I think we’re all pretty familiar with the new Ford Mondeo now, aren’t we? We know how big it is, what kit it comes with as standard and what it’s like to drive.
There can’t be much left in terms of surprise with the range, with the exception of a new diesel engine which has just been launched.
The 1.8 TDCi unit joins the line up and offers 125bhp, CO2 emissions of 154g/km (putting it in the 20% BIK bracket) and claimed combined fuel economy of 48.7mpg.
All well and good, and it also costs £400 less than the 2.0 TDCi version, but the smaller unit’s gains aren’t particularly impressive.
The 1.8 TDCi loses 15bhp from the 140bhp 2.0 TDCi, but gains just 0.8mpg in average fuel economy – rising from 47.9mpg to 48.7.
CO2 emission reductions are equally slight, falling from 156g/km to 154 – although this is enough to drop the 1.8 TDCi into the band below in benefit-in-kind tax terms.
So although the 1.8 TDCi will offer drivers lower company car tax bills, the savings won’t be massive.
Unlike the car itself, which is simply huge.
There’s so much space inside, especially in the cavernous boot, that it’s not far off an executive car size-wise.
Not only is legroom impressive, but the sheer width of the cabin means the driver will never brush shoulders with the front seat passenger.
Fit and finish is up with the best in the sector, and it all feels solidly put together.
Despite the Mondeo’s size, the driving experience is still very good.
The Mondeo rides well, with a decent compromise made between comfort and handling.
On twisting roads the car remains flat and composed, while on the motorway it feels planted and cruises with ease.
The 1.8 TDCi engine helps with this relaxed cruising gait, being long-legged enough to allow 70mph to be achieved at low revs.
However, it isn’t so accomplished elsewhere.
Pulling out from junctions there is a noticeable lag between applying the throttle and some actual movement happening.
This requires some forward planning in terms of spotting gaps and accelerating just before you really ought to in order to get over this lag.
Acceleration is fine through the gears, although you can feel the engine is more restricted than the torquey 2.0 TDCi.
Elsewhere, the gearbox shifts easily with a nice, positive feel, while the steering is nicely weighted at all speeds.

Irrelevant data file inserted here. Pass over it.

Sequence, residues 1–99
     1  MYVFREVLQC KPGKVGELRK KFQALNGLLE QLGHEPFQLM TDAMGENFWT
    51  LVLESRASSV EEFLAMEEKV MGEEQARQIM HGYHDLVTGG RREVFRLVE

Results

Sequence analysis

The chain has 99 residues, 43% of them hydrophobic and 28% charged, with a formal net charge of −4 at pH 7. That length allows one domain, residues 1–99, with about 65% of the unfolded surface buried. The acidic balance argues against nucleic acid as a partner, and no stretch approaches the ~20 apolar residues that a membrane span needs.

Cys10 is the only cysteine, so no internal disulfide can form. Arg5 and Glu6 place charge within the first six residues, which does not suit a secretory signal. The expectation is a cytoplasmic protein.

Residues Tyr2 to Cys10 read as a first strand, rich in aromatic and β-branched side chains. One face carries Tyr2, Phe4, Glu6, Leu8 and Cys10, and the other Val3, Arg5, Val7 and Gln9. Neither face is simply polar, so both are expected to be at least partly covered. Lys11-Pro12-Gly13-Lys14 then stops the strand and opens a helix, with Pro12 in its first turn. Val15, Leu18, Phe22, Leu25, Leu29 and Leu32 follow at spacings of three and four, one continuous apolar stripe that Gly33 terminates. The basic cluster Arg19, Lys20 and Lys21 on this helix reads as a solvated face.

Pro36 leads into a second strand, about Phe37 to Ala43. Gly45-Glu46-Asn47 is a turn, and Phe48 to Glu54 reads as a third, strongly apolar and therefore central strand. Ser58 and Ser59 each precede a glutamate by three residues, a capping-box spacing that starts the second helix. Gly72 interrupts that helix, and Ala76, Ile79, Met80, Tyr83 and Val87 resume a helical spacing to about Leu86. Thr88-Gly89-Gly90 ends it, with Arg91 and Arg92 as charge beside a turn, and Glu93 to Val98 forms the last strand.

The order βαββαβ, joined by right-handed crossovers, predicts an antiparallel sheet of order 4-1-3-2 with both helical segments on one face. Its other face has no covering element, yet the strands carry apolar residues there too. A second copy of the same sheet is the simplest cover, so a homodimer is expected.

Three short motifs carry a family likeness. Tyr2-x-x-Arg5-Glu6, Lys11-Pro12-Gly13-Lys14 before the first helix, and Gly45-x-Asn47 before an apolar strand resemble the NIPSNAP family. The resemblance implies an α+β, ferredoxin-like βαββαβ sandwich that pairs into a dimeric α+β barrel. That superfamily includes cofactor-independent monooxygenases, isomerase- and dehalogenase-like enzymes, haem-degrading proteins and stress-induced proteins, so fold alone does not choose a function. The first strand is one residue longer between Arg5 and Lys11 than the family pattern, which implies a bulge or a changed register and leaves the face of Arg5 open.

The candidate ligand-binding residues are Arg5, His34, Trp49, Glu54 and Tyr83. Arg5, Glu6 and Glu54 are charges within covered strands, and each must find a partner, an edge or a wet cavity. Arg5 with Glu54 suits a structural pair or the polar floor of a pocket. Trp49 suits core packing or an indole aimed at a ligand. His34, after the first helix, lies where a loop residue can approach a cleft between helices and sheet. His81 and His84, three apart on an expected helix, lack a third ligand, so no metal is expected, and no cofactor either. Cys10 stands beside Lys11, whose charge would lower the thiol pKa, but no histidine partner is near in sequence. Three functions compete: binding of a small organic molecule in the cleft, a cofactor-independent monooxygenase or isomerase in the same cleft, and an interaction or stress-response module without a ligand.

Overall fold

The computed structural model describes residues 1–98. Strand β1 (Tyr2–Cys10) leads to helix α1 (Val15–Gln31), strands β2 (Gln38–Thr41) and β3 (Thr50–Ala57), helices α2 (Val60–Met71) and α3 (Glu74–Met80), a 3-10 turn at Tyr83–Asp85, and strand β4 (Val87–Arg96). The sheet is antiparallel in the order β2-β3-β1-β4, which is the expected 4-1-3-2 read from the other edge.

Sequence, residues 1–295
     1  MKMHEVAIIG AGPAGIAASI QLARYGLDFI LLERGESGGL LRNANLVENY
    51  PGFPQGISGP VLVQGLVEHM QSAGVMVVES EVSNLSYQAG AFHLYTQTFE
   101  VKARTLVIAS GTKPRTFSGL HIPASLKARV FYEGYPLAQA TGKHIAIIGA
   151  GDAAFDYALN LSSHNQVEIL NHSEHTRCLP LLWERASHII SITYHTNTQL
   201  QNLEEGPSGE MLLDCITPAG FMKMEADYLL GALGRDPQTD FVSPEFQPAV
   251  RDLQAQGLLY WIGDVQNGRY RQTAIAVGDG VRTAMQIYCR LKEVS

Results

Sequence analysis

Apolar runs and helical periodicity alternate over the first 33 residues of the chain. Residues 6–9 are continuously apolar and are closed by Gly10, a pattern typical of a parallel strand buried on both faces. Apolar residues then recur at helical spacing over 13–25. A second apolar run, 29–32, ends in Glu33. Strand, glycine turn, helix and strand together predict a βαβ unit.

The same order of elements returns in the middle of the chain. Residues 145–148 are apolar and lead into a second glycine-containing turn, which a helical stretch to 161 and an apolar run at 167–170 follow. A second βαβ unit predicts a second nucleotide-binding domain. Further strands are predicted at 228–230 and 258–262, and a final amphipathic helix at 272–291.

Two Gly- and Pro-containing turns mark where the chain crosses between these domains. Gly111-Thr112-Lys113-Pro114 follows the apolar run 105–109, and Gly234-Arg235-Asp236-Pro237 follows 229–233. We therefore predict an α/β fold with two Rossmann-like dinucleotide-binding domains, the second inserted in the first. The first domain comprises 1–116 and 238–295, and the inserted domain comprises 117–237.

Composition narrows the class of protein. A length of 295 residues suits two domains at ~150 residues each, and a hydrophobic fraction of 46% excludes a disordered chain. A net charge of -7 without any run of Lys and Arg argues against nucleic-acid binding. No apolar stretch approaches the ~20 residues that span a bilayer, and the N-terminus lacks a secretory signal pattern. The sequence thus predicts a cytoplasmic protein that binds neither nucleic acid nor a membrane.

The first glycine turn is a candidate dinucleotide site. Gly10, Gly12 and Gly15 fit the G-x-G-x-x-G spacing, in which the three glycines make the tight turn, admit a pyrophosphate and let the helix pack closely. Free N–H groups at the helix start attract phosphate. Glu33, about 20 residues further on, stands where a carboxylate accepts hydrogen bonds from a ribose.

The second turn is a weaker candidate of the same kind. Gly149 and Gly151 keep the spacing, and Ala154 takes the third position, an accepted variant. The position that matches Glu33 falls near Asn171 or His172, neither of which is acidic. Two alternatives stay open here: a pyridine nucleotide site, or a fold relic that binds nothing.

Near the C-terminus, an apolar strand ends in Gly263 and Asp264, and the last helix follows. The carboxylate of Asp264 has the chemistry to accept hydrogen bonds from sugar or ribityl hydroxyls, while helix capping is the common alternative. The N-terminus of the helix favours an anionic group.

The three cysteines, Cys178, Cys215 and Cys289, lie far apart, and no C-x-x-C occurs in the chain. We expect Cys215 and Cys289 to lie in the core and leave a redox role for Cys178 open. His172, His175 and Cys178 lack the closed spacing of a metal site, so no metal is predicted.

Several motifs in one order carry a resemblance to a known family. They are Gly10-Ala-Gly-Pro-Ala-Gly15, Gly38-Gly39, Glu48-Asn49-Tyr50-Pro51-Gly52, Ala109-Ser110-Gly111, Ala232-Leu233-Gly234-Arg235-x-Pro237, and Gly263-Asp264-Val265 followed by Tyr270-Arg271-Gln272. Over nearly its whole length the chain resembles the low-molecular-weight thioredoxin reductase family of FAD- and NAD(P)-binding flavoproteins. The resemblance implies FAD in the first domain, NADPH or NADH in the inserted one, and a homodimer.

So there you have it – the 1.8 TDCi Mondeo is a big, comfortable and accomplished car.
The only problem is the 2.0 TDCi Mondeo – a better car all round for £400 more.
P11D value: £18,005
CO2 emissions (g/km): 154
BIK % of P11D in 2007 20%
Graduated VED rate: £140
Insurance group: 7
Combined mpg: 48.7
CAP RV (3yr/60k): £5,550/31%
Monthly lease (3yr/60k): £410
THREE RIVALS TO CONSIDER
The Accord was recently introduced in SE specification to lower the entry price point for the range, but it is still the most expensive car here at the front-end, costing £1,000 more than the Passat.
However, it does offer the hands-free telephone package as standard.
EMISSIONS AND TAX RATES
The Mondeo will cost the most in benefit-in-kind tax terms, with a monthly bill of £66 for a 22% taxpayer.
The Honda, Vauxhall and Volkswagen will all cost the same taxpayer £64 a month. The Accord has lower VED bills of £115 a year, compared to £140 for the rest.
Mondeo : 154g/km/20%
Vauxhall’s value-led strategy in terms of service, maintenance and repair put the Vectra easily on top here, costing around £1,700 over three years and 60,000 miles.
The Passat dips just below the £2,000 barrier. The Mondeo is the most expensive – costing £600 more than the Vectra.
Vectra: 2.86 (pence per mile) / £1,716 (60,000 miles total)
The Honda is the only model to reach above the 50mpg mark, with a claimed combined figure of 51.4mpg. This equates to a diesel spend of around £5,100 over 60,000 miles. The Vectra returns a claimed 49.6mpg, with the Mondeo and Passat offering 48.7mpg.
Accord: 8.58 (pence per mile) / £5,148 (60,000 miles total)
With the lowest front-end price and the highest residual value forecast, the Passat is way ahead here.
CAP estimates the Volkswagen will retain 39% of its cost new after three years/60,000 miles, compared with 35% for the Honda and 31% for the Mondeo. The Vectra retains 25%.
Passat: 17.74 (pence per mile) / £10,644 (60,000 miles total)
Mondeo : 20.75/£12,450
With a two pence per mile advantage in the depreciation section, the Passat takes a convincing overall victory, costing around £18,000 over three years and 60,000 miles.
The Accord is second, and just 0.01ppm separates the Mondeo and Vectra.
Passat: 30.09 (pence per mile)/ £18,054 (60,000 miles total)
The Vectra and Mondeo are the first to be discounted – the Vauxhall simply because a new model is due within the next 12 months which promises to be a massive leap forward, while the Ford costs too much to run.
The Accord is a well-equipped and very refined car, but the Volkswagen’s significant wholelife costs advantage give it the win.